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Articles by T. N. Mazgalev
Total Records ( 1 ) for T. N. Mazgalev
  Y Zhang , Z. B Popovic , S Bibevski , I Fakhry , D. A Sica , D. R Van Wagoner and T. N. Mazgalev
 

Background— Autonomic dysfunction, characterized by sympathetic activation and vagal withdrawal, contributes to the progression of heart failure (HF). Although the therapeutic benefits of sympathetic inhibition with β-blockers in HF are clear, the role of increased vagal tone in this setting has been less studied. We have investigated the impact of enhancing vagal tone (achieved through chronic cervical vagus nerve stimulation, [VNS]) on HF development in a canine high-rate ventricular pacing model.

Methods and Results— Fifteen dogs were randomized into control (n=7) and VNS (n=8) groups. All dogs underwent 8 weeks of high-rate ventricular pacing (at 220 bpm for the first 4 weeks to develop HF and another 4 weeks at 180 bpm to maintain HF). Concomitant VNS, at an intensity reducing sinus rate 20 bpm, was delivered together with the ventricular pacing in the VNS group. At 4 and 8 weeks of ventricular pacing, both left ventricular end-diastolic and -systolic volumes were lower and left ventricular ejection fraction was higher in the VNS group than in the control group. Heart rate variability and baroreflex sensitivity improved in the VNS dogs. Rises in plasma norepinephrine, angiotensin II, and C-reactive protein levels, ordinarily expected in this model, were markedly attenuated with VNS treatment.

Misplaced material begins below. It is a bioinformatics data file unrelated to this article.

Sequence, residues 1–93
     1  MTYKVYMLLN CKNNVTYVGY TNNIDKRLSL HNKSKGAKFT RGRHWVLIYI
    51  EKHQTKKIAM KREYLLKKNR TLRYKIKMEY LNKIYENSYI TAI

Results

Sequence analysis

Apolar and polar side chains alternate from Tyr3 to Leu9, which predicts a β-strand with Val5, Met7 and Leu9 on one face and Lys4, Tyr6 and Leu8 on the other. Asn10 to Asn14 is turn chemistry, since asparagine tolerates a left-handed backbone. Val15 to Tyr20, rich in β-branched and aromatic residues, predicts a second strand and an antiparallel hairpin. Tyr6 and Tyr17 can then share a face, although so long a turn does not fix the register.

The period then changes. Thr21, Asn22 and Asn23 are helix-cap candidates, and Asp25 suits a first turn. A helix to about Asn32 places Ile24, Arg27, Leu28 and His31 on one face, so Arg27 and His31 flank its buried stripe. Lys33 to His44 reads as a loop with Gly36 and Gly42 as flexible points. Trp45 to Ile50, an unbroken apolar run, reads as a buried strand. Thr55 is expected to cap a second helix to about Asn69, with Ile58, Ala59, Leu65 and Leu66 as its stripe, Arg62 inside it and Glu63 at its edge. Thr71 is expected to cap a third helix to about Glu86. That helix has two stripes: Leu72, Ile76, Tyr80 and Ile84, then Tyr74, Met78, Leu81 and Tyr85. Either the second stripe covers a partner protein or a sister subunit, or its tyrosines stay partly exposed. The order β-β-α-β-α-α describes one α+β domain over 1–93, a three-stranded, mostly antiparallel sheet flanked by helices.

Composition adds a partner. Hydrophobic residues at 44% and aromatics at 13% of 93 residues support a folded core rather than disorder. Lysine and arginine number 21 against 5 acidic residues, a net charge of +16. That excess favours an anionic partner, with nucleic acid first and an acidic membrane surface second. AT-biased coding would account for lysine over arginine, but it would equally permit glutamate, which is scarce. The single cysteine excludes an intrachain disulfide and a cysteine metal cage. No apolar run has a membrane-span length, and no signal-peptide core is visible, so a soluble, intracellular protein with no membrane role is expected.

Conclusions— Chronic VNS improves cardiac autonomic control and significantly attenuates HF development in the canine high-rate ventricular pacing model. The therapeutic benefit of VNS is associated with pronounced anti-inflammatory effects. VNS is a novel and potentially useful therapy for treating HF.

 
 
 
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